26

I recently migrated to Laravel 5, and now CSRF check is on every post submission. I thought about removing it but I want to follow the best practices, so I'll keep it that way.

On the other hand, I'm problems submitting ajax requests.. my page has multiple forms and some submissions are not even from forms, just plain ajax calls. My idea is to have one single hidden "token" input on the page and attach it to every submission. Are there any drawbacks on having that universal single token input?

Also, how can I output the token? Would it be ok to just create a hidden input on the page footer?

28

I don't see any drawbacks. You can easily create a global token field in your layout file:

<input type="hidden" name="_token" id="csrf-token" value="{{ Session::token() }}" />

Or if you use the form builder:

{!! Form::token() !!}

In jQuery you could use something like this to attach the token to every request.

  • Nice, in L5 it would be {!! Form::token() !!} – raphadko Feb 13 '15 at 13:36
  • @RaphaelCabrera Yes you're right. Damn, I'll never get used to {!!... Luckily you can change them :) – lukasgeiter Feb 13 '15 at 13:37
  • Can't resubmit form with same token on after validation error – mvladk Dec 7 '15 at 9:28
  • @mvladk Really? If that's the case you will have to send the new token back with the validation error so it can be used for the next request. – lukasgeiter Dec 7 '15 at 9:55
  • 1
    @mvladk Unfortunately, I don't really have time at the moment. Please ask a new question and people will help you :) – lukasgeiter Dec 7 '15 at 17:06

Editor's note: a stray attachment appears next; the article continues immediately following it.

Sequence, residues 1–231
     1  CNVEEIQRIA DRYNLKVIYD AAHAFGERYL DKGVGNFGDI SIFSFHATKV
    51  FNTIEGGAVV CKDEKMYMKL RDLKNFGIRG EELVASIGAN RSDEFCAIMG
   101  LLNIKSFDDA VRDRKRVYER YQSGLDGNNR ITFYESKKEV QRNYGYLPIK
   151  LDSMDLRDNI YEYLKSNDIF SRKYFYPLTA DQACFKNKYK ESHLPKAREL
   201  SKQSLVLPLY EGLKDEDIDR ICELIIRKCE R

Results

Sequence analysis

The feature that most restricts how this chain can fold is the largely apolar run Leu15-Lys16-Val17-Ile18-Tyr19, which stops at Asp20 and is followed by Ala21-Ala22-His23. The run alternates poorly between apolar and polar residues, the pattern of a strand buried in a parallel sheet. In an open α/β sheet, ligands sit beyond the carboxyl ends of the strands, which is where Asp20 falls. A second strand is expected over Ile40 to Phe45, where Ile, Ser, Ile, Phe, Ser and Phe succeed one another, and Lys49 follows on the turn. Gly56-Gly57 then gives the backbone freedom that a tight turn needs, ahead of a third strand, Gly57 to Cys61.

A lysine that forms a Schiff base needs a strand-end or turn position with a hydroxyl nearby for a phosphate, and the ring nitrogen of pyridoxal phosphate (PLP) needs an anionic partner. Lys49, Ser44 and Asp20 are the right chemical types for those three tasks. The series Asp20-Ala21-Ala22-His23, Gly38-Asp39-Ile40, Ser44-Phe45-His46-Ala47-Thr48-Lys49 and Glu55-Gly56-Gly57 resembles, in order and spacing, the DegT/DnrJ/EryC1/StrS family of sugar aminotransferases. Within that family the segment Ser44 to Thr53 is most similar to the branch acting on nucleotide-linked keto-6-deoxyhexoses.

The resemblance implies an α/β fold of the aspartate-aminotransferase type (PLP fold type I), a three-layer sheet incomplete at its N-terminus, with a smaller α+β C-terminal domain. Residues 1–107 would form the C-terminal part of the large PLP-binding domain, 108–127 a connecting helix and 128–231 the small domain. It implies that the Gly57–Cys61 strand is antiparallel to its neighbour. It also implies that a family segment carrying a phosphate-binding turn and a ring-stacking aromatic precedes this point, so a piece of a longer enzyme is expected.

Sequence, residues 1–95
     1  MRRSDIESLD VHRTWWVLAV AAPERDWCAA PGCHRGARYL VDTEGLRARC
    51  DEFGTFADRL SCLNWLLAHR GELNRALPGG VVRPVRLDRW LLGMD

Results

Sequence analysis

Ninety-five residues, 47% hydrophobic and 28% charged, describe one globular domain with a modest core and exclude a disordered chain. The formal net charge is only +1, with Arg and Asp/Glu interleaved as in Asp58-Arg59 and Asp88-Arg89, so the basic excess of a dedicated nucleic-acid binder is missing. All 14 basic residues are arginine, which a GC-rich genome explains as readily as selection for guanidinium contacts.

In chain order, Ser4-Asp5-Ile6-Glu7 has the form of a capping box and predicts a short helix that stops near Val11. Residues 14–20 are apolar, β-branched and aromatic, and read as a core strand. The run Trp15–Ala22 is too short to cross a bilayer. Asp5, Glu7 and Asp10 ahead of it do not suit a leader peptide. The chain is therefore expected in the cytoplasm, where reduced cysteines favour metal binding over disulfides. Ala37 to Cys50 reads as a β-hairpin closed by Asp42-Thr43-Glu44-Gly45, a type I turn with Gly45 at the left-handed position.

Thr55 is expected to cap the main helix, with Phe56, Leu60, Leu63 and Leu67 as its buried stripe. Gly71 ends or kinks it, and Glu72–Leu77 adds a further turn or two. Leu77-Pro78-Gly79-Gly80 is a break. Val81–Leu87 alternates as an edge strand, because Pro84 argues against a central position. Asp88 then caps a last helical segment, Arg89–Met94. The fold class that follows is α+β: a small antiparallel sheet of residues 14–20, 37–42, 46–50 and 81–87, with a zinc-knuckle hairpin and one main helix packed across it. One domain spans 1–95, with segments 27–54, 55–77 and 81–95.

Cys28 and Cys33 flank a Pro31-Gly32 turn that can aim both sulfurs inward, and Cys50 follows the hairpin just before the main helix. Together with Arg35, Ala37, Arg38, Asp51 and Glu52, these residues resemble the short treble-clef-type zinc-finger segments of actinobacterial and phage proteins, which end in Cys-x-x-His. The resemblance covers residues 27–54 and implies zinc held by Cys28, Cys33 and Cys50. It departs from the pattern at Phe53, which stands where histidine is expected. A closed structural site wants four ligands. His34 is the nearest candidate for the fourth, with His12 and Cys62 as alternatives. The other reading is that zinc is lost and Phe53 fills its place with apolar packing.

25

There is a helper to add the form token inside forms. You can just use

{!! csrf_field() !!}

inside the forms. It will add the hidden input and the token.

  • 3
    as of Laravel >= 5.1, you no longer need to use raw output, you can use the regular escaped syntax {{ csrf_field() }} – Jeff Puckett Sep 13 '17 at 21:22
  • 3
    You can use @csrf since Laravel 5.6 – Nkoyan Jul 1 '18 at 17:23
6

You can use something like this at the bottom of the page:

$('form').append('{{csrf_field()}}');

This will append a hidden input to all your forms:

<input type="hidden" name="_token" value="yIcHUzipr2Y2McGE3EUk5JwLOPjxrC3yEBetRtlV">

And for all your AJAX requests:

$.ajaxSetup({
    beforeSend: function (xhr, settings) {
        //////////// Only for your domain
        if (settings.url.indexOf(document.domain) >= 0) {
            xhr.setRequestHeader("X-CSRF-Token", "{{csrf_token()}}");
        }
    }
});
3

Here are some excerpts of how I got my CSRF working for all the different scenarios in my jQuery Mobile application that I recently upgraded to use Laravel 5:

I added an encrypted csrf token in a variable that will be passed to my views in my main base controller: app\Http\Controllers\MyController.php

$this->data['encrypted_csrf_token'] = Crypt::encrypt(csrf_token());

Then, I added the meta tag in my main view header: resources\views\partials\htmlHeader.blade.php

<meta name="_token" content="{!! $encrypted_csrf_token !!}"/>

Then, I also added this jquery snippet as suggested in some forums:

    $(function () {
            $.ajaxSetup({
                    headers: {
                            'X-XSRF-TOKEN': $('meta[name="_token"]').attr('content')
                    }
            });
    });

But, the key (for my setup at least) was the addition of the check for the XSRF-TOKEN cookie in my custom VerifyCsrfToken middleware: app\Http\Middleware\VerifyCsrfToken.php:

    /**
     * Determine if the session and input CSRF tokens match.
     *
     * @param  \Illuminate\Http\Request  $request
     * @return bool
     */
    protected function tokensMatch($request)
    {       
            $token = $request->session()->token();

            $header = $request->header('X-XSRF-TOKEN');

            $cookie = $request->cookie('XSRF-TOKEN');

            return StringUtils::equals($token, $request->input('_token')) ||